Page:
Illegal Fishing Strips $10 Billion to $23 Billion, Accounts for 26 Million Tones of Seafood a Year

Human Wrongs Watch

Thirteen additional countries need to ratify an agreement brokered by the United Nations Food and Agriculture Organization (FAO) to combat illegal fishing by blocking ports to ships known or believed to be carrying illicit catches that account for more than 15 per cent of global output, the agency on 30 July 2015 said.

Momentum is building for a UN-backed accord, which, once operative, will bolster inspections and crack down on lawbreaking ships responsible for up to 15 per cent of global seafood output. Photo: FAO/J. Sutton

“A growing numbers of countries are ratifying an international agreement to combat illegal fishing, fuelling interest in how best to implement the instrument,” FAO said in a press release.

Illicit fishing, according to the agency, includes operating without authorization, harvesting protected species, using outlawed fishing gear and violating quota limits, and “may account for up to 26 million tonnes of seafood a year, more than 15 percent of the total global output.”

“Illegal, unreported and unregulated (IUU) fishing is estimated to strip between $10 billion and $23 billion from the global economy, and its impacts undermines the way fish stocks are managed to make it a double concern around the world,” it said.

To help tackle the problem, FAO brokered the adoption in 2009 by its Member States of the Agreement on Port State Measures to Prevent, Deter and Eliminate Illegal, Unreported and Unregulated Fishing.

The FAO-brokered agreement comes into force when 25 countries have deposited their instrument of ratification, known as acceptance of accession. So far, 12 countries have done so, the latest being Iceland in June. Two more states will soon join them, according to FAO.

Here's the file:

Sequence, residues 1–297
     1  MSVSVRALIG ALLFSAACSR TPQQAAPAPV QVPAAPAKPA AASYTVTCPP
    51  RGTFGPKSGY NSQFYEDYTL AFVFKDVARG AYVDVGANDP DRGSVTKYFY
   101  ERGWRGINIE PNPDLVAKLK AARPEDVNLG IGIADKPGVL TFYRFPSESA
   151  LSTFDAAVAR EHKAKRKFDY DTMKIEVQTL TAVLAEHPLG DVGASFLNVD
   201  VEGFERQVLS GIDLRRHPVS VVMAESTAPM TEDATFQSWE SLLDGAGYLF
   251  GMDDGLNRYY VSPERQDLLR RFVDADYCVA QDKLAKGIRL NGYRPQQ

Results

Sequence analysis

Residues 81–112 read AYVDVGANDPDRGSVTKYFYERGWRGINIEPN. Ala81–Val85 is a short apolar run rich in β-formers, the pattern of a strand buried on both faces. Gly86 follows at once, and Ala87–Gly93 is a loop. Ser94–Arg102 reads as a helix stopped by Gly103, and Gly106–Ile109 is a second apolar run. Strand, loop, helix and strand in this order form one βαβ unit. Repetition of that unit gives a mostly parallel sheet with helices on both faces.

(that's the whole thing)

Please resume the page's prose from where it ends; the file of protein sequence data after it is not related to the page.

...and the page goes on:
In addition to Iceland, signatories that have completed the ratification process are Chile, the European Union, Gabon, Iceland, Mozambique, Myanmar, New Zealand, Norway, Oman, the Seychelles, Sri Lanka and Uruguay.

“The Agreement promotes collaboration between fishermen, port authorities, coast guards and navies to strengthen inspections and control procedures at ports and on vessels,” it said. “Importantly, it also allows states to prevent the landings of catches derived from IUU fishing by vessels regardless of the flag they fly.”

UNDP-GEF report says as little as $5 billion in public funds could catalyse action and financial flows to reverse ocean degradation. Photo: UNDP/A. Chetvergov

UNDP-GEF report says as little as $5 billion in public funds could catalyse action and financial flows to reverse ocean degradation. Photo: UNDP/A. Chetvergov

Blaise Kuemlangan, Chief of FAO’s Development Law Service, said “the Agreement aims to harmonize port controls in order to prevent illegally caught fish from ever entering international markets through ports.”

The ability to turn away vessels taking part in illegal fishing will greatly reduce opportunities for selling their catch, decreasing illicit fishing worldwide, according to Mr. Kuemlangan.

The Agreement will also enable better compliance with the 1995 FAO Code of Conduct for Responsible Fisheries, which seeks to promote the long-term sustainability of the sector.

To assist countries in building their capacity to implement the agreement, FAO has convened workshops in all world regions, with the Atlantic coast of Africa being “a key priority,” the agency said.

FAO said so far Gabon is the only African country to have ratified the Agreement, but several others are close to completing the process. (Source: UN).

2015 Human Wrongs Watch

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